Ever wondered how a play gets made? How a stage musical finds its ultimate shape? There’s an interesting example of talent becoming skill, and skill aspiring to art, on the upstairs stage at the Biograph Theater in Lincoln Park.
The Biograph is now owned by Victory Gardens, whose focus is live theater, especially major new work by living playwrights, and to also host other companies, from local to international, which can make use of various performance spaces.
Annabelle Lee Revak’s “Notes and Letters,” a fledgling musical-in-miniature and still somewhat unfinished business,is now playing in that upstairs space. It’s the project of a vest-pocket incubator of new works called Underscore Theatre, which has been fashioning the show for several years, on and off, as COVID intervened.
Revak, who majored in musical theater and composition at Chicago’s Columbia College, moved on to complete advanced training at the University of Wolverhampton, in the so-called Midlands, several hours northwest of London.
But Chicago’s obviously in the lyricist-playwright’s heart: “Notes and Letters” is set in downtown Chicago in 1917. Revak writes that the idea for her musical came from letters she looked at, written by her great-great grandfather, indicating the existence of a loved one in an earlier part of his life, and in another part of the world, yet never spoken of.In Revak’s show, it’s clear fairly early that an engagement promise made by Joe back home in Bohemia is nagging at him, even as it seems to fade in memory. But it’s a promise that will have repercussions, sorted out in the end.
As it opens, the country’s not at war just yet, but inflation’s out of control. Three high-energy young adults with complementary talents are in the orbit of a custom piano shop in the heart of what’s now Chicago’s Loop. The shop’s owner is the show’s fourth character, and the compact scenic design of Rebekah Clark reveals a crammed piano store with walls that fold outward, giving the impression of a three-dimensional scrapbook with tattered pages. There is indeed some interesting local history here: Revak was also inspired by information she dug up about the Williams Piano & Organ Company, an icon once located near Washington and State.
‘Notes and Letters’
The musical opens as immigrant Joe, a carpenter by trade back in Bohemia, is fresh off the boat. He’s befriended by the budding songwriter Olivia, who likes to spend time at the piano shop and at the Green Mill jazz club (also a real place in Broadway’s Uptown, once favored by Al Capone and still blowing cobwebs out of the ears).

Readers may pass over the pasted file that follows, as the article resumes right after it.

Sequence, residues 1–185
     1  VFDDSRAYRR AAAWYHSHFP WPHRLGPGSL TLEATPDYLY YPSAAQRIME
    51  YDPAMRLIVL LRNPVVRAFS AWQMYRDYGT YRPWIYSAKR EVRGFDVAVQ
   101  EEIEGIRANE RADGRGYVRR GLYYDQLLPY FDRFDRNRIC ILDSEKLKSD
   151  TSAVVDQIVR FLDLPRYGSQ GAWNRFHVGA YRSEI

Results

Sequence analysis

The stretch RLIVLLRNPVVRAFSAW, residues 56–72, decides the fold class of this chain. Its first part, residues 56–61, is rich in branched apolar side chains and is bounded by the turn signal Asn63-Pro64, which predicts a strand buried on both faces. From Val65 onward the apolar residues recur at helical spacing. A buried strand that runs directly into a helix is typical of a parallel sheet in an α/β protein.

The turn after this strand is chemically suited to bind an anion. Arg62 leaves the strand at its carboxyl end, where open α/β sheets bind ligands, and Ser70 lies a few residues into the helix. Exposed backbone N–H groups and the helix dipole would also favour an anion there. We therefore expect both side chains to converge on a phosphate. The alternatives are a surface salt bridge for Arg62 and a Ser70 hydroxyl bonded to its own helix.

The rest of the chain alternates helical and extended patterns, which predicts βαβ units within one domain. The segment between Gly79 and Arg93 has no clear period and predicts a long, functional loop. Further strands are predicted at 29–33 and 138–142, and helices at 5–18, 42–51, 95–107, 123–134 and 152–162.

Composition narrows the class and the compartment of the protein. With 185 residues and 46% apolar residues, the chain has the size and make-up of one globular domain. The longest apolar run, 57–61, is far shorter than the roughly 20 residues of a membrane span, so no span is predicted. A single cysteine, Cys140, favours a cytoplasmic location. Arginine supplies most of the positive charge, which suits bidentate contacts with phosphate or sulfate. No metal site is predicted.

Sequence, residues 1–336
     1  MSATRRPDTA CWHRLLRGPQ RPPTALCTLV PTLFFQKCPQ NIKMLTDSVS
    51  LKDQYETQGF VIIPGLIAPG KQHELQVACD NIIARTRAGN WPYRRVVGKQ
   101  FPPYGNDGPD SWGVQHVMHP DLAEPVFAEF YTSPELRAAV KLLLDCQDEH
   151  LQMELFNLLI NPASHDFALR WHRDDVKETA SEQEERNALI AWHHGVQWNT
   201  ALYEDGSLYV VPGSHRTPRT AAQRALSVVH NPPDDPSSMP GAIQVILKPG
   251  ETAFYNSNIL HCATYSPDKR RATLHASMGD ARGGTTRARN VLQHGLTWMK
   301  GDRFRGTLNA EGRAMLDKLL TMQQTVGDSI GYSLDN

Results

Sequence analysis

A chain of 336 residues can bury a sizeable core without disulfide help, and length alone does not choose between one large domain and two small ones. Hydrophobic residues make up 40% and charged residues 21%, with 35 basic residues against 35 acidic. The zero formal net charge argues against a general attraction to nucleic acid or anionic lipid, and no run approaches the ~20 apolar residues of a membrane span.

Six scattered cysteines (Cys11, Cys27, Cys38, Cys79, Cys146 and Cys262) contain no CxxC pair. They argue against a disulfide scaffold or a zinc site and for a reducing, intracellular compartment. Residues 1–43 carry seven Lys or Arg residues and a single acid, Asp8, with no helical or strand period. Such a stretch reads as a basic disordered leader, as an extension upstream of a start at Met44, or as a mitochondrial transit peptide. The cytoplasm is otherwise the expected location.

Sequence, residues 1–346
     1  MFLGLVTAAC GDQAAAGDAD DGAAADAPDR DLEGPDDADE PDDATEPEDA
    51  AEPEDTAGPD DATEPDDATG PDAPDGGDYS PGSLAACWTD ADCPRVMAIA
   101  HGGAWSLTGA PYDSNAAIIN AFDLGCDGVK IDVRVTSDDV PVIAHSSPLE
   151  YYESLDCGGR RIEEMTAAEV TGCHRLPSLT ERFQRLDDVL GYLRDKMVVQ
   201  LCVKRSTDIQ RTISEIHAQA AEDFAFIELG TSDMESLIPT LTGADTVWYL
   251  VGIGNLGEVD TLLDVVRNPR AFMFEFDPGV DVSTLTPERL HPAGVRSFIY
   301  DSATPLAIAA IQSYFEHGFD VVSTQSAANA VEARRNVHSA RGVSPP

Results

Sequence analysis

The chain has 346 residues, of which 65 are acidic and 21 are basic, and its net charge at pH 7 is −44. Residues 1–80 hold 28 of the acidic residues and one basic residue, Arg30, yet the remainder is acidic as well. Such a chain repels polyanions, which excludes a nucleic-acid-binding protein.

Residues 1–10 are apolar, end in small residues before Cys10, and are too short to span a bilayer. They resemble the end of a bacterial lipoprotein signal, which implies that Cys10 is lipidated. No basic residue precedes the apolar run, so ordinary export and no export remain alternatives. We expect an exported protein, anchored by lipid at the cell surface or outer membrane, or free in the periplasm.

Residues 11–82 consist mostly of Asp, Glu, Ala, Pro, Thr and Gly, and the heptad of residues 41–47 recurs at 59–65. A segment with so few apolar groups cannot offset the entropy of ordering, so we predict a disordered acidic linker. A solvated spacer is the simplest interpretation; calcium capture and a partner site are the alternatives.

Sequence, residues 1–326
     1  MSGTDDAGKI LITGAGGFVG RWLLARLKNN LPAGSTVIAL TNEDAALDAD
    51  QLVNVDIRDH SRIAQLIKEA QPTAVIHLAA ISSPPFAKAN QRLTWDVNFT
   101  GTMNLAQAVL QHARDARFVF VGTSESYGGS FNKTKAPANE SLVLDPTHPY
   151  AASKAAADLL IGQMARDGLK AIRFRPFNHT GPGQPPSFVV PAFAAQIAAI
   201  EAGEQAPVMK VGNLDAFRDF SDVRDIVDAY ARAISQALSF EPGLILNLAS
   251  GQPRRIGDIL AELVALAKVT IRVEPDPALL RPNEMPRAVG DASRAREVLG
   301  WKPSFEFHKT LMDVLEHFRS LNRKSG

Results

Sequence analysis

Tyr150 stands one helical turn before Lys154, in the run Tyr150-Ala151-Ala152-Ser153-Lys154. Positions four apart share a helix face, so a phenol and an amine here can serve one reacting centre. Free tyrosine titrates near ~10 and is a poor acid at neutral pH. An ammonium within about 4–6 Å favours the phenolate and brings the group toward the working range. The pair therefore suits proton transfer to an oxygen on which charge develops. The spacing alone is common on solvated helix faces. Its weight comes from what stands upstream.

Newcomer Joe (the immediately agreeable tenor Sam Martin) is soon taken in by Charlie, (baritone Michael Mejia) whose piano shop is in urgent need of a custom cabinetmaker to frame those keys in fancy woods that customers demand. A piano is furniture after all, we are reminded, so it’s handy that wood-working is Joe’s strength.
Meanwhile, Charlie’s girlfriend Nora tries to convince Charlie that she’s the one with the real talent for building his business. Caitlin Dobbins is delightfully spunky here, although Nora’s assertiveness comes as a surprise. These days such female aspiration would be no big deal, of course. But in 1917, when this play is set, it is the eyebrow-raising concern of “Independent Woman Blues,” one of Revak’s best songs, sung together by Charlie and Joe in bewilderment. Mejia nicely reflects the rising tensions that affable newcomer Charlie faces, as his two worlds and its women spin circumstance beyond his control.
The composer, as playwright also, writes one of her best scenes for Olivia and Joe as the two discover their mutual immigrant roots, evoking memories and finishing each other’s lines in the nostalgic “Redbird, Bluebird.” It’s a lovely number. Generally, however, Revak’s music throughout is stronger than the logic of her storyline, which can be puzzling.
The free-thinking familiarity of the women as they interacted with their male counterparts seemed likewise a time-out-of-joint challenge for director Leah Geis, and Revak in her writer role shares responsibility for these anachronistic tendencies, although there was nothing like the suspension of disbelief that is required in your average mid-century pirate movie.
One finds Geis’s strong direction in several of the complex scenes, notably Olivia’s piano lesson to Joe. The amenable student is soon involved with the others in a delightful ragtime transformation that takes over the place. Revak’s catchy spin on her tagline “and he goes and he goes and he goes” becomes a heady dance number for them all, and there’s nifty footwork in Ebrin R. Stanley’s choreography, too.